As a common urological disease, the incidence of urinary tract calculi has significantly increased in recent years, if left untreated, it can severely impair the function of urinary system (1,2). Percutaneous nephrolithotomy (PCNL) has gradually become the preferred choice for the treatment of urinary calculi clinically, and its safety and efficacy have been recognized by patients and clinician (3). However, PCNL can complicate many adverse events. Among them, systemic inflammatory response syndrome (SIRS) is one of the common complications after urinary calculus surgery (4). Even if preoperative prophylactic treatments have been conducted, the incidence of SIRS caused by infection remains rather high. It’s been reported (5,6) that 25.8–39.8% patients get infected after PCNL, and 0.4–3% sepsis rates were found after PCNL. With consideration to the potentially devastating morbidity and up to 50% mortality associated with sepsis (7,8), SIRS compromises the effect and safety of PCNL, and it can result in reduced patient comfort, longer hospital stays, and increased medical costs (9). Therefore, the early observations and preventions should be established to prevent SIRS.
Fever is one of the most important and timely clinical manifestations of SIRS, the patients with fever may have higher risks of SIRS (10,11). However, the potential reasons and mechanisms related to the onset and development of SIRS remains unclear (12). Furthermore, previous studies (13,14) have indicated that the fever may be a precursor symptom of SIRS, which is an early sign and important factor affecting the prognosis of patients. The observation of fever after PCNL can make important influences on the patients’ prognosis. Therefore, it’s well-believed that it is necessary to pay attention to the fever after PCNL, and to identify the causes and risk factors of fever to prevent SIRS. Although the factors affecting post-PCNL fever have been extensively evaluated over the years, the main reason for fever and related SIRS after PCNL is not clear. Therefore, in this present study, we retrospectively evaluated the clinical data of patients with fever or no fever following PCNL, aimed to identify the potential risk factors for fever after PCNL, thereby providing evidence for the management of PCNL patients.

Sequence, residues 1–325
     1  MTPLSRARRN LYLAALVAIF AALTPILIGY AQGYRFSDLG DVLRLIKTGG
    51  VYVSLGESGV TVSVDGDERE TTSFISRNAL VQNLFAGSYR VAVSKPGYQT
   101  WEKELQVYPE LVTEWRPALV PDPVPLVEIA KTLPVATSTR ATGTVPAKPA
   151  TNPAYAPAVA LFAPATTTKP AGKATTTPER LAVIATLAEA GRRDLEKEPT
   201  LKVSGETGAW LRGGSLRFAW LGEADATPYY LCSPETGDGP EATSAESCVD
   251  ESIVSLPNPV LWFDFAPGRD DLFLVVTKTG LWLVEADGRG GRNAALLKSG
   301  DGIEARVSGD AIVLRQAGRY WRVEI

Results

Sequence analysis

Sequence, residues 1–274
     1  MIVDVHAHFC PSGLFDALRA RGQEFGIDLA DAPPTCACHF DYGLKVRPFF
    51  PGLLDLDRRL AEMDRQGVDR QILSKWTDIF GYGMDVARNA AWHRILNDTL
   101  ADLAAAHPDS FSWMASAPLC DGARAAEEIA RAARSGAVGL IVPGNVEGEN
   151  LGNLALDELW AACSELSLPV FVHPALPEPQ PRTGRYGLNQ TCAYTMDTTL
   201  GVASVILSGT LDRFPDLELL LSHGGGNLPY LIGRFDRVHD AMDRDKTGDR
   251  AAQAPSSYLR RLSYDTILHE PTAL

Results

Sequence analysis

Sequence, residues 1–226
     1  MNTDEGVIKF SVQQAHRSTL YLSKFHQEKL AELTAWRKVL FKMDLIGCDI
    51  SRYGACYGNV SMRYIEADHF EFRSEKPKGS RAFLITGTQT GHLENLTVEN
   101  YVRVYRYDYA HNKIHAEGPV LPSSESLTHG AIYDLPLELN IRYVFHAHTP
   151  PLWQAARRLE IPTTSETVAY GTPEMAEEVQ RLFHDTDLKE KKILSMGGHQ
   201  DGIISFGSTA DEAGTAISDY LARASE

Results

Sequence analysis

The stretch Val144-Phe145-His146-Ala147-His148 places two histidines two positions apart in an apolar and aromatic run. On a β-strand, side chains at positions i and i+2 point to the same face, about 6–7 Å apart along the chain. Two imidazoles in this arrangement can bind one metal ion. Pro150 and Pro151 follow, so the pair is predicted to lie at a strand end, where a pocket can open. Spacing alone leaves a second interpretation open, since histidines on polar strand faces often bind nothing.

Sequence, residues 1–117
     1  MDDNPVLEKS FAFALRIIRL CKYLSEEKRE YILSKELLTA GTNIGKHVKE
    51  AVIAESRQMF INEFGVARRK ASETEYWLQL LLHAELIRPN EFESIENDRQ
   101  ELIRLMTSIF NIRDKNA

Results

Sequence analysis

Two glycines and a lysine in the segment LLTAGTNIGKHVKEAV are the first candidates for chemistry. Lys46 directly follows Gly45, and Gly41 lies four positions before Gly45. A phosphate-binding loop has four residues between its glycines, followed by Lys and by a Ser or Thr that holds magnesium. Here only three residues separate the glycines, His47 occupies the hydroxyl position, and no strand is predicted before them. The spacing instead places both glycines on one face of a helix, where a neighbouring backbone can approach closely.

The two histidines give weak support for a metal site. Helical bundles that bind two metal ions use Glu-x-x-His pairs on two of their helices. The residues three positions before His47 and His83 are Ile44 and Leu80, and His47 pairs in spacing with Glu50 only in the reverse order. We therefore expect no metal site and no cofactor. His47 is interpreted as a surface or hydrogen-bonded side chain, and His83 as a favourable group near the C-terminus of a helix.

The study was approved by the Medical Research Ethics Committee of our hospital (No.20170038) and informed consent was taken from all the patients.
Between June 2017 and June 2019, a total of 546 adult PCNL patients with completed clinical data were included as study subjects and retrospectively reviewed. The inclusion criteria were as follows: adult patients with age ≥18 years old; they underwent single-stage PCNL and were followed in our hospital; the related clinical data were complete. Patients under the age of 18, patients with cancer, heart or kidney failure, patients taking immunosuppressive agents, patients taking two or more-stage PCNL, PCNL combined with another surgery in one operation were excluded from this present study.
All the patient data were collected with a prospectively collected database. Patient assessments included medical history, physical examination, urine analysis, midstream urine and blood culture, complete blood count, renal function tests, abdominal plain film, ultrasonography, and/or drainage urinary tract map. Preoperative abdominal computed tomography was routinely performed in some patients to determine the position of related organs and the proposed nephrostomy tube. All preoperative patients received a single dose of prophylactic antibiotics during the induction of anesthesia.
All the PCNL procedures were performed by the urology surgery team of our hospital. General anesthesia was performed for patients undergoing PCNL. The lithotomy position was taken first, and the ureter was retrogradely inserted into the renal pelvis under the ureteroscope. Then the stent tube was connected with saline to cause artificial hydronephrosis, and the 16F double-lumen catheter was placed through the urethra. Then put patients in prone position, the B ultrasound-guided puncture was performed between the 1st rib or the 12th costal margin or between the posterior tibial line and the lower scapula line, to get into the target renal pelvis, the dilator expanded to 24F to introduce the metal sheath and endoscope. The perfusate was 0.9% NaCl solution, and the flow rate was controlled by a perfusion pump at 200–350 mL/min during the operation, and the ultrasound or pneumatic ballistic lithotripsy was performed. The stone fragments were removed by forceps and irrigation. After the completion of stone removal, one of the F5 double J tubes in the ureter was placed retrogradely, and 14F renal fistula tube was indwelled through the channel. The renal tube was routinely removed 2–4 days after surgery. Antegrade nephrostography was routinely performed before the tube removal to ensure adequate drainage of the collecting system.
Definition of outcomes